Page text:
Change the status quo with youth vote

graph - why youth don't vote stats can


Young people are often criticized about their lack of interest in politics.

In an Elections Canada study after the 2011 federal election, it estimated that voter turnout steadily increased with age from 38.8 per cent for ages 18-24 in comparison to 75 per cent for ages 65-74.

We’ve tried to get youth involved for years and it doesn’t seem to work, said Mississauga mayoral candidate Steve Mahoney, who has run for all three levels of government. 

“In the last municipal election for my wife [Katie Mahoney’s] campaign, we went into UTM and did all-candidates debates, knocked on doors of the residents, we went into the student centre and met with students and staff and we got two votes out of there.”

But Mahoney acknowledged that students who go to UTM might not vote there, and could be voting at home.

In comparison to federal and provincial elections, there are few stats on voter turnout rate in municipal elections. In a survey conducted by the Sheridan Sun, students were asked if they planned on voting in Monday’s municipal elections.

Of the 109 respondents aged 18 to 24, 58 per cent said they would not vote and 42 per cent said they would.

Of those who said they wouldn’t vote, 41 per cent said they don’t care about politics, 39 per cent said they don’t know who’s running and 20 per cent said it’s inconvenient for them to vote.


Survey responses asking why they are not voting ranged from, “Most candidates are in it for the politics and not the betterment of society,” to “The democratic elective process is not an effective form of government,” and “They’re all morons.”

graph - why youth don't vote yesnoThere are a couple of reasons why youth aren’t voting in municipal politics, said retired University of Ottawa professor Caroline Andrew in a phone interview.

One reason is because there is a stereotype that municipal politics is about technical administrative matters related to the servicing of private property like sidewalks, streets and sewers, she explained. But those issues are factual compared to other initiatives cities are involved in, which are much more complex and involve partnerships and bringing people together. Because young people aren’t property owners, and they have this stereotype they think it doesn’t concern them as much.

Low voter turnout can also be a vicious cycle.

“Given there’s a low turnout, politicians focus on issues regarding people they know will go out and vote, and because youth don’t vote, politicians don’t plan their campaign thinking about their vote,” said Andrew. “They may talk about youth issues in a fuzzy way, but they don’t focus on youth groups because they know they won’t vote. That just makes the circle worse.”

Andrew’s research interests include municipal politics, social policies and women in politics.

There are initiatives such as the Coalition of Youth Councils and the app Pollenize, which aim to engage youth in politics and keep them informed.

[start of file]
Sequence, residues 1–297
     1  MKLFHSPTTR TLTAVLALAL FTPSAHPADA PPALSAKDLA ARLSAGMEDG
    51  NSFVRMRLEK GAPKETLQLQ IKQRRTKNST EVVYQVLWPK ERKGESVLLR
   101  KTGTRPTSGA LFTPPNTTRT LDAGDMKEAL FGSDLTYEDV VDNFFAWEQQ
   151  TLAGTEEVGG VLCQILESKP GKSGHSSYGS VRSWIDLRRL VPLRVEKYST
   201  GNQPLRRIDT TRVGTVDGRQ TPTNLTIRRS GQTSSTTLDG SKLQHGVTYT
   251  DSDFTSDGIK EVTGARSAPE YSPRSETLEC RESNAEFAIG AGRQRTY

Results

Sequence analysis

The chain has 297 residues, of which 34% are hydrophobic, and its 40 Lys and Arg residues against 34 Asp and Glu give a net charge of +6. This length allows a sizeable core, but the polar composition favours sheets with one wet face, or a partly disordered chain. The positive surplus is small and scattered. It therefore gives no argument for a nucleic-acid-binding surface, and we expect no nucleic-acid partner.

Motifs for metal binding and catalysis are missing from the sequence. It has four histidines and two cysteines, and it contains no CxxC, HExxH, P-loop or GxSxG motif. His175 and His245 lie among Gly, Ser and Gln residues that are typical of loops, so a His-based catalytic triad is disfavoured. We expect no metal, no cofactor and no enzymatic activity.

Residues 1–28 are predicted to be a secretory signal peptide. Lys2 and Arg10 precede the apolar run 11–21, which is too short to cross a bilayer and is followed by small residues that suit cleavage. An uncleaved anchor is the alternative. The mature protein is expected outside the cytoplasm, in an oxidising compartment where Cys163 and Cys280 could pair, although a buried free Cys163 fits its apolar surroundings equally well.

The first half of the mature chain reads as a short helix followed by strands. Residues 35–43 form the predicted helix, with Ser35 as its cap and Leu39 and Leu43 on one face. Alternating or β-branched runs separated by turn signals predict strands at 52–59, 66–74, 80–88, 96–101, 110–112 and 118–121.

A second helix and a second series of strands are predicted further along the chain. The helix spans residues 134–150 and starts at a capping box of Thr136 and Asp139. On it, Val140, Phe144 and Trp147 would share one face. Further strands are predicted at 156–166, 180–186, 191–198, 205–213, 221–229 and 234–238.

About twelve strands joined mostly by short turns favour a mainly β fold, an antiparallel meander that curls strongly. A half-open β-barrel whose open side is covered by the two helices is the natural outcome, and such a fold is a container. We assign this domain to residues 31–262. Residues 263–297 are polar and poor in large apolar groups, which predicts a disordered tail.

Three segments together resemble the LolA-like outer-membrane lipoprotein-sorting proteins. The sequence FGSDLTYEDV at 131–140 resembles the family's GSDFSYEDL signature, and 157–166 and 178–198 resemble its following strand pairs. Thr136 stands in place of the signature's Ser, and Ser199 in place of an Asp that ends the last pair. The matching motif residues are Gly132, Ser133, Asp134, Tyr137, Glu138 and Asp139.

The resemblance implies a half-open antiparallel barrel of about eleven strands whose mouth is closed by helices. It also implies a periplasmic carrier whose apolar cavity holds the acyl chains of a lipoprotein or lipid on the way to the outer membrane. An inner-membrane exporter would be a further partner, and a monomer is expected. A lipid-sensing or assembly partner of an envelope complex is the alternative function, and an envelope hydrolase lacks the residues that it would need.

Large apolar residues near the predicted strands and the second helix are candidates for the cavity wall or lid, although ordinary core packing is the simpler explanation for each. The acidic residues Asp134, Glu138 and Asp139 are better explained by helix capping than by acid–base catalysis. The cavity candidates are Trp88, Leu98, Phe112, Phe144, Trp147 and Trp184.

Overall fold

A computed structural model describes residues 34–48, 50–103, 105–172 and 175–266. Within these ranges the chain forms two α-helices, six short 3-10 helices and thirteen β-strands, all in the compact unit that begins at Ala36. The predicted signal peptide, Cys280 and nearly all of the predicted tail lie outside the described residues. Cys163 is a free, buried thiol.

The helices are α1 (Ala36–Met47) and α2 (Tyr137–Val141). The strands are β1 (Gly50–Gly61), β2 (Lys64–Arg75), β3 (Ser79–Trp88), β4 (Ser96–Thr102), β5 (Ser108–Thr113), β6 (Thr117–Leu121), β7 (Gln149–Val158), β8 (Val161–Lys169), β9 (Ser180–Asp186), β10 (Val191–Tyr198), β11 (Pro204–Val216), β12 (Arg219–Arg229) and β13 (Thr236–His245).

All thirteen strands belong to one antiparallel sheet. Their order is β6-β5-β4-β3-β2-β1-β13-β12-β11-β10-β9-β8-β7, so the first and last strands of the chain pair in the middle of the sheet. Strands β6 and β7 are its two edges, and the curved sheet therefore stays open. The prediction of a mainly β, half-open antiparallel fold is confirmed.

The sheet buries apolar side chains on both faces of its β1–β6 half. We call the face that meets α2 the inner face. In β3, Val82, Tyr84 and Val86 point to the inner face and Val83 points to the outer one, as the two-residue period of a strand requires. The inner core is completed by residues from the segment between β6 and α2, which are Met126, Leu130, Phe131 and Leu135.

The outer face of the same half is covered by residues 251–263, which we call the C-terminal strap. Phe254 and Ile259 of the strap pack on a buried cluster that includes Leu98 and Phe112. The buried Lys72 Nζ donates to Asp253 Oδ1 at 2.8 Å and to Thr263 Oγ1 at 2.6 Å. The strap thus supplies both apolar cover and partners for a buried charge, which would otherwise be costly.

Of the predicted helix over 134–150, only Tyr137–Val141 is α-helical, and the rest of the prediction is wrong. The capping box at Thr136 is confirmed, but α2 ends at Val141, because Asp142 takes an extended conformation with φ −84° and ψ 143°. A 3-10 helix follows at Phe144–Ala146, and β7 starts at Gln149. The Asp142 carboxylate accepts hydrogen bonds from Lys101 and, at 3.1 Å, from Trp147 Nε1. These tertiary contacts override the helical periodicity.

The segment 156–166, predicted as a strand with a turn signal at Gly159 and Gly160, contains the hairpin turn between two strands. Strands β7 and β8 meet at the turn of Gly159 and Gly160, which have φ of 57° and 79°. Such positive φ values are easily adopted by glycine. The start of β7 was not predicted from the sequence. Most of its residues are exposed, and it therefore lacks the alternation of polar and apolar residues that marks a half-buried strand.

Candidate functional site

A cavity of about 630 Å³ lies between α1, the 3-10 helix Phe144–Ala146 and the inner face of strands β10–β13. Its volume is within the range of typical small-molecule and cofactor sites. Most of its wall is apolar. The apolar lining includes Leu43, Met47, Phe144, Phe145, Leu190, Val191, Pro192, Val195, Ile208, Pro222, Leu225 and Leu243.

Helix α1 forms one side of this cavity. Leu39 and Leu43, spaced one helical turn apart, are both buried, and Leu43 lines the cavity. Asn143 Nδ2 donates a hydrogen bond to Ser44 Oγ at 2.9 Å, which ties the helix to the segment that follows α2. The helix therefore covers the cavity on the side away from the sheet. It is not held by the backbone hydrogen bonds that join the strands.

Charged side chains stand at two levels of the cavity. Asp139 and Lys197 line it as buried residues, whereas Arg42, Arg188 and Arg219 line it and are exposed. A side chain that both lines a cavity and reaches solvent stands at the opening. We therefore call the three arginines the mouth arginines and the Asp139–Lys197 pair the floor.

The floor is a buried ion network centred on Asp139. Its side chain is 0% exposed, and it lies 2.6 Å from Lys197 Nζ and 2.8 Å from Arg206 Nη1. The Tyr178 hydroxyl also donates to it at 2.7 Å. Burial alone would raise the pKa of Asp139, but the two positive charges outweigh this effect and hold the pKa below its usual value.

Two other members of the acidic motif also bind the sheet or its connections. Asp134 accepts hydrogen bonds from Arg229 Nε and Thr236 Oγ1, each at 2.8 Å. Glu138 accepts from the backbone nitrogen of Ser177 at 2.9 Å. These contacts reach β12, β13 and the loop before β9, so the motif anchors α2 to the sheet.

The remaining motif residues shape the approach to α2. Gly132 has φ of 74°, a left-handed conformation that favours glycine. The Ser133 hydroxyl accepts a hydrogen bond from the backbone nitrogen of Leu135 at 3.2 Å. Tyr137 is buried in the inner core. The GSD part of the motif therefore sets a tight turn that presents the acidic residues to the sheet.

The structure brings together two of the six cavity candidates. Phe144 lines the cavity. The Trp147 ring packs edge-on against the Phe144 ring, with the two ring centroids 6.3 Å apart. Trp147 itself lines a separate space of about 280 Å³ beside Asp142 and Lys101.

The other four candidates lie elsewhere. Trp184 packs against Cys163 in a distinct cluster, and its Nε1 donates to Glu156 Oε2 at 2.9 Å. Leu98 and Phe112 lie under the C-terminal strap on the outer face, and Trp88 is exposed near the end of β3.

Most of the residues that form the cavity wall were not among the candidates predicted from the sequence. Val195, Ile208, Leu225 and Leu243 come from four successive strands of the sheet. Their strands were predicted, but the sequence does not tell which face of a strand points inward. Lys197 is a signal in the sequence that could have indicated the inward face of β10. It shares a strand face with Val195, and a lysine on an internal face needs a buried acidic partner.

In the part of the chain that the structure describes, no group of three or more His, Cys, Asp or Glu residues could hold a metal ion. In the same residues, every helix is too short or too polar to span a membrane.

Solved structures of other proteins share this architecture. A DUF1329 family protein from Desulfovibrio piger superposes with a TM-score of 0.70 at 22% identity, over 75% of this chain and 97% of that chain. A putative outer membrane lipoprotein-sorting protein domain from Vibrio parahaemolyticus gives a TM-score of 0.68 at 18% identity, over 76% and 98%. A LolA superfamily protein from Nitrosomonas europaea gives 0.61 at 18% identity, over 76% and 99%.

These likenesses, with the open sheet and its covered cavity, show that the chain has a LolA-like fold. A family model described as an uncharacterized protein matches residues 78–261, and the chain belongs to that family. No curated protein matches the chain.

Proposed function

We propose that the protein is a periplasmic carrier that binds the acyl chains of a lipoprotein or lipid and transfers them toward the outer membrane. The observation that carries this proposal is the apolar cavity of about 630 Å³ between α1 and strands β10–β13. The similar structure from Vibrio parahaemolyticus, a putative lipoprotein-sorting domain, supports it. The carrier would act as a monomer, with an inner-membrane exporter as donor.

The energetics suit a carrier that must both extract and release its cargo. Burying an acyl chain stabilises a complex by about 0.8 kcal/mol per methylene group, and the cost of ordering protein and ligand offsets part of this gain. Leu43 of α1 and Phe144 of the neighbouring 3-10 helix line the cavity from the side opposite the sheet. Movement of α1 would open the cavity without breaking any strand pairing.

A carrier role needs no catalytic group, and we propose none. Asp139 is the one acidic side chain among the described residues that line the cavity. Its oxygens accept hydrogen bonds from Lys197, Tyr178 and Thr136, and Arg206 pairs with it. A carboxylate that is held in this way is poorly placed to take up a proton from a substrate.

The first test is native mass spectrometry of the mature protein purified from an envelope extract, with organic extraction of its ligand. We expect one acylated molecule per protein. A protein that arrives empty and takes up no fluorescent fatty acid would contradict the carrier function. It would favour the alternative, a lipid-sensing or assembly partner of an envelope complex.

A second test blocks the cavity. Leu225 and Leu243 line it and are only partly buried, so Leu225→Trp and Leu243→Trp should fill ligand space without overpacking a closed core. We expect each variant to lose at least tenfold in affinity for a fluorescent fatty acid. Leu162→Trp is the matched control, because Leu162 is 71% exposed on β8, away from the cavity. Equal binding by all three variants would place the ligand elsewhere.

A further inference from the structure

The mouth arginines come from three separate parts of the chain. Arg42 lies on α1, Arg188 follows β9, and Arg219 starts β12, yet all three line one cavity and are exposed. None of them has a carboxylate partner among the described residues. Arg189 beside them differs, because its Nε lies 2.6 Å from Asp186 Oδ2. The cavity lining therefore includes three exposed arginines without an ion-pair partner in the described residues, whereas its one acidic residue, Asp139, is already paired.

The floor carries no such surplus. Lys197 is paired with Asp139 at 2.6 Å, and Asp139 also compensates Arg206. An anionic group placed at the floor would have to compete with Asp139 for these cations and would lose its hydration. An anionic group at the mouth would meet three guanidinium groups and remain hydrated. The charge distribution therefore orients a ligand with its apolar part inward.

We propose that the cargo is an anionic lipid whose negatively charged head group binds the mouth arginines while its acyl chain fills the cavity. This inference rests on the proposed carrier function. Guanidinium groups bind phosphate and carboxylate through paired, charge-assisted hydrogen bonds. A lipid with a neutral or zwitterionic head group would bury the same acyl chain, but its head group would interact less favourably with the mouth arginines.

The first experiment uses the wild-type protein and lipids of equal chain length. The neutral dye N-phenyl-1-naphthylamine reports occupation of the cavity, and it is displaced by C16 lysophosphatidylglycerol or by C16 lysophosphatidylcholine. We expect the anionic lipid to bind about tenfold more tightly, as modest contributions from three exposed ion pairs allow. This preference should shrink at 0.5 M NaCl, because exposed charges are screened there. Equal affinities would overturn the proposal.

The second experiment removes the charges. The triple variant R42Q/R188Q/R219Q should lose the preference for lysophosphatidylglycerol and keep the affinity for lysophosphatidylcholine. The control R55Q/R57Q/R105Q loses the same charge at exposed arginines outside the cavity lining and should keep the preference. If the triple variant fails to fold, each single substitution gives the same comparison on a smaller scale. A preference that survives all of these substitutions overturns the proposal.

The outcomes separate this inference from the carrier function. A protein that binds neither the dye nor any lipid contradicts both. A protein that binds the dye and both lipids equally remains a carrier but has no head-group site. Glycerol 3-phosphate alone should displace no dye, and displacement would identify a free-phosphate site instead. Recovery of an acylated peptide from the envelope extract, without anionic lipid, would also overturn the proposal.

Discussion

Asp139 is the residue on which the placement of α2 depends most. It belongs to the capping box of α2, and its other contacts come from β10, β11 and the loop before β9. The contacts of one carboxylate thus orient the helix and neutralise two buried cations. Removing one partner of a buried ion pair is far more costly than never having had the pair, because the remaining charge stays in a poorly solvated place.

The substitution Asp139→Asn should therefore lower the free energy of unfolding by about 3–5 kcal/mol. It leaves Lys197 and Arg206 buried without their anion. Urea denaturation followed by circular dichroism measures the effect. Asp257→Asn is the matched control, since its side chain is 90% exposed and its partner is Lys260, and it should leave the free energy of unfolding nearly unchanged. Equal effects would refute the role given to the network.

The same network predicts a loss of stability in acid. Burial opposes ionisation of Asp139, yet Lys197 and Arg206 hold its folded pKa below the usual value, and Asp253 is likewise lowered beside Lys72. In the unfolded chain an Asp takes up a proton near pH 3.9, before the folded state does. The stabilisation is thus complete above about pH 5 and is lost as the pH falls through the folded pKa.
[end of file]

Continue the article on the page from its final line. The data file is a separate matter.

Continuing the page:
According to the Coalition of Youth Council’s website it is a “federally registered not-for-profit corporation on a mission to increase civic participation amongst young Canadians by providing incentives and experiential educational opportunities.”

The CYC has councils in Toronto and Mississauga, and soon there will be one in Markham. The aim is to create a Youth Council in every city in the nation.

graph - why youth don't vote why“The main goal of the council is to increase youth civic engagement especially in politics,” says co-chair of the Mississauga City Youth Council Maxwell Tran. “We’ve organized a lot of politically oriented events, such as the [youth] debate and we also had a launch at Microsoft Square One, which was attended by dignitaries from all three levels of government.“

The app Pollenize was created to inform young people about candidates running for Toronto mayor,. The visually appealing app tells users main points of candidates’ platforms on transit, property taxes, economic development and more.

“Our goal is to educate the uninformed voter, and do it in a way that’s not only entertaining but quick,” said project manager Miguel Barbosa. “Our goal is to show a nice wide view of the whole election in a digestible format.”

The idea started when Barbosa was watching the debates and someone asked the candidates how they were going to get young people involved. The answer given was off topic, and none of the candidates had a real initiative for youth.

Pollenize took about six months to develop and now close to 2,000 people have downloaded the app. With about 30,000 unique views, it was recently among the Top 10 most downloaded news apps in Canada.

“People think you need a full team and millions of dollars to make websites,” said Barbosa. “I hate to say this but adults love to complicate things and make their jobs seem way bigger than they are. We’re only six to eight students and we put this together in a few months. We could have put it together within a few weeks if we wanted to. It shows that with technology we could push it really far. The old business landscapes really make it slower than it needs to be.”